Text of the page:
Encouraging Trend: NASCAR Chairman and CEO Brian France attended a meeting of the NASCAR Drivers Council Friday, for the first time in the history of the organization. France has said before that he believes the meetings go better – and are more candid – without him in the room; a stance that earned him criticism from Tony Stewart in January. France spent more than an hour in Friday’s meeting before leaving to honor a prior commitment, earning praise from all attendees. "It was great that Brian came," said Dale Earnhardt Jr. afterward. "It was just a good, positive meeting, a lot of good things moving in a good direction.
For his part, France said simply, “We had a good discussion.”
Rest In Peace: Earnhardt’s flirtation with the superspeedway car dubbed “Amelia” -- in honor of aviatrix Amelia Earhardt – is almost certainly over. Rebuilt after a grinding crash at Daytona International Speedway in February, Amelia was involved in two more crashes Sunday; one of them a solo spin with just 50 laps complete, that left her a twisted heap once again. She will likely be relegated to the “race car cemetery” Earnhardt has assembled on property surrounding his North Carolina home to rest (and rust) in peace.
Non-Issues: Any controversy that lingers in the aftermath of Saturday’s NASCAR Xfinity Series finish is attributable to people who are either intellectually incapable of understanding the rules, or psychologically unwilling to do so.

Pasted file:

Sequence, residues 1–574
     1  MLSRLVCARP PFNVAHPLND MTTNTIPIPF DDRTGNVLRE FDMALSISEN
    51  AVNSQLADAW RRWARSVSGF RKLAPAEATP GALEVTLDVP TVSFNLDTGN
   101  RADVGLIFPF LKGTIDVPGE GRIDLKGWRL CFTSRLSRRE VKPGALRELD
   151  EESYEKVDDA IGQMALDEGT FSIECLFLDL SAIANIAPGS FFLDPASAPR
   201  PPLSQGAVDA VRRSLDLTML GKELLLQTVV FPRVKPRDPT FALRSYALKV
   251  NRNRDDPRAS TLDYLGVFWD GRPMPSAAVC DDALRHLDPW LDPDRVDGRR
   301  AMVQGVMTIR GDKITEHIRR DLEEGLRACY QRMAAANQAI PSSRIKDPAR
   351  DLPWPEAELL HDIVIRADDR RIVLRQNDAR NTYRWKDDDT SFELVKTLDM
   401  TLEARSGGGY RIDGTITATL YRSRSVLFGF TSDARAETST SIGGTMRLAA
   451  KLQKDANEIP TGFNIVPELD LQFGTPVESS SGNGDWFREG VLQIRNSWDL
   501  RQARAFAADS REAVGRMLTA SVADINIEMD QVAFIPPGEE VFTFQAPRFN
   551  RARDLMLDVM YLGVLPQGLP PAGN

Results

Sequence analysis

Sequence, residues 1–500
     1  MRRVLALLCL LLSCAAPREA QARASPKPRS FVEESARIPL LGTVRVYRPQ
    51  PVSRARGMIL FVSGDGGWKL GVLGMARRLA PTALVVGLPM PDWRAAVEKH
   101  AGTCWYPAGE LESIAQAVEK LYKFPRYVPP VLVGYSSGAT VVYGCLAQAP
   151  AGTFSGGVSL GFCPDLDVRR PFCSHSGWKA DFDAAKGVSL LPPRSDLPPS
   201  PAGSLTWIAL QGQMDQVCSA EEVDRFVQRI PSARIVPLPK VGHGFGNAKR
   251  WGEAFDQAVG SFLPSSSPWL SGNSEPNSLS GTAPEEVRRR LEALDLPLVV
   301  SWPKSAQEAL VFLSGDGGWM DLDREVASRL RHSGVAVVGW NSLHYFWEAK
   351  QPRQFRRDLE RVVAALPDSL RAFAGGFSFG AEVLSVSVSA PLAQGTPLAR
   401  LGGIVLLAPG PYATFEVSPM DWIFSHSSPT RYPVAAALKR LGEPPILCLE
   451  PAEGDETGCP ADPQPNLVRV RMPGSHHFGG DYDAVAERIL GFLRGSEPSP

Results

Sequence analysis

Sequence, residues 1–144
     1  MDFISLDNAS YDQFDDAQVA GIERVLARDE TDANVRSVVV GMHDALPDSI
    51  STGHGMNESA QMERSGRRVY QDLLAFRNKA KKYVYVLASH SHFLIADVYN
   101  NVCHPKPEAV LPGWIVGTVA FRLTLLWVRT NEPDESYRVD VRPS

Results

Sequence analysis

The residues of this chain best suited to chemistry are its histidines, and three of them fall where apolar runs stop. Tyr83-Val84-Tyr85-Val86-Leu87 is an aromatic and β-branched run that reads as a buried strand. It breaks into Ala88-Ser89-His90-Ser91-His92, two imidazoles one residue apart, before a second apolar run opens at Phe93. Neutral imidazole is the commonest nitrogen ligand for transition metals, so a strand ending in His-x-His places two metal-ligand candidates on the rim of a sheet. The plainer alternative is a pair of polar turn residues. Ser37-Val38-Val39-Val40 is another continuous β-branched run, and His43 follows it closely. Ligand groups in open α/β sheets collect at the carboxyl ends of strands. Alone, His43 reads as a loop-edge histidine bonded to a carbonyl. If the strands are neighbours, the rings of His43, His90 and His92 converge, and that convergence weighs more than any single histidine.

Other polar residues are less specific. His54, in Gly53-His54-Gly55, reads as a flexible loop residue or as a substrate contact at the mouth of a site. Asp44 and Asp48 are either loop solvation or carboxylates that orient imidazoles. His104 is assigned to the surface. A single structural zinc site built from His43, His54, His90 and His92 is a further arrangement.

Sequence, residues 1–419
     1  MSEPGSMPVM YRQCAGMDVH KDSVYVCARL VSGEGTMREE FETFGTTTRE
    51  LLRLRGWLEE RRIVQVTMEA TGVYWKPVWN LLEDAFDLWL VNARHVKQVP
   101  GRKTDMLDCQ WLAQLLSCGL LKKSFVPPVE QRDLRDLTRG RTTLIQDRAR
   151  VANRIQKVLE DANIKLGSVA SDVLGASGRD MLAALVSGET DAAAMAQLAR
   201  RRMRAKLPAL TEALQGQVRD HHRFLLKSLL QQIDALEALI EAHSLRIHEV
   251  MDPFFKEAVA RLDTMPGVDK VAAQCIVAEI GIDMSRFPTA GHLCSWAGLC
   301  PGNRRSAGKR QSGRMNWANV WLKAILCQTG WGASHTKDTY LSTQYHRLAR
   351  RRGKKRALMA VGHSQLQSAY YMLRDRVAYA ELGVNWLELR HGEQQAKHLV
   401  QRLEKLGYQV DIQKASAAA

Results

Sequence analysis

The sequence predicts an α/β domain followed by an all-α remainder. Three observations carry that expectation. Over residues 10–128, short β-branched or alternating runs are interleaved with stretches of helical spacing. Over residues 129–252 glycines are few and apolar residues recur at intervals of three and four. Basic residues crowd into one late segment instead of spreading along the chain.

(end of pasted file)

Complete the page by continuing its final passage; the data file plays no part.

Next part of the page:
Elliott Sadler won Saturday’s Sparks Energy 300 after a wild, final-straightaway melee triggered when he and Joey Logano tangled while racing for the win. The victory was his first of the season and locked him into the NXS Chase. Logano led off the final turn, but moved high to block youngster Brennan Poole, opening the inside lane for Sadler. When Logano darted back to the bottom, he and Sadler made contact, forcing the eventual winner below the double-yellow line and sending Logano hard into the outside wall. Poole crossed the finish line first, but was eventually credited with a third-place finish after a five-minute video review that re-wound the running order to the moment the caution flag waved. Justin Allgaier was credited with second, followed by Poole, Jeremy Clements and Brendan Gaughan.
Sadler's win took nearly five minutes to be confirmed by NASCAR officials, who used video tape to determine that he was ahead of Poole and Allgaier when the decisive caution flag flew.
‘We use every resource we can,” said series director Wayne Auton afterward. “It took us a little time, (but) we feel 100% that we got it exactly right. We used every bit of film we had. We arrived at the finish we did by using every piece of technology that we had to our availability."
Auton confirmed that Sadler’s excursion below the double yellow line was legal, since, “The rule says you cannot go below the double yellow line to advance your position. (Sadler) did not advance a position, and he was also forced down there when (Logano) and him made contact. In our eyes, he did not gain any positions. He was already (in the lead). It was legal by the rules."
Auton also explained the final-lap caution flag, saying, "Our No. 1 job is the safety of these drivers, crew members and fans. When you see a car turn hard right… it's pretty scary. Our No. 1 concern when (Logano) hit to make sure Joey was OK. Automatically, we put out the caution. Another car made contact with him when he come off the wall, and we needed guys to roll out of the throttle.”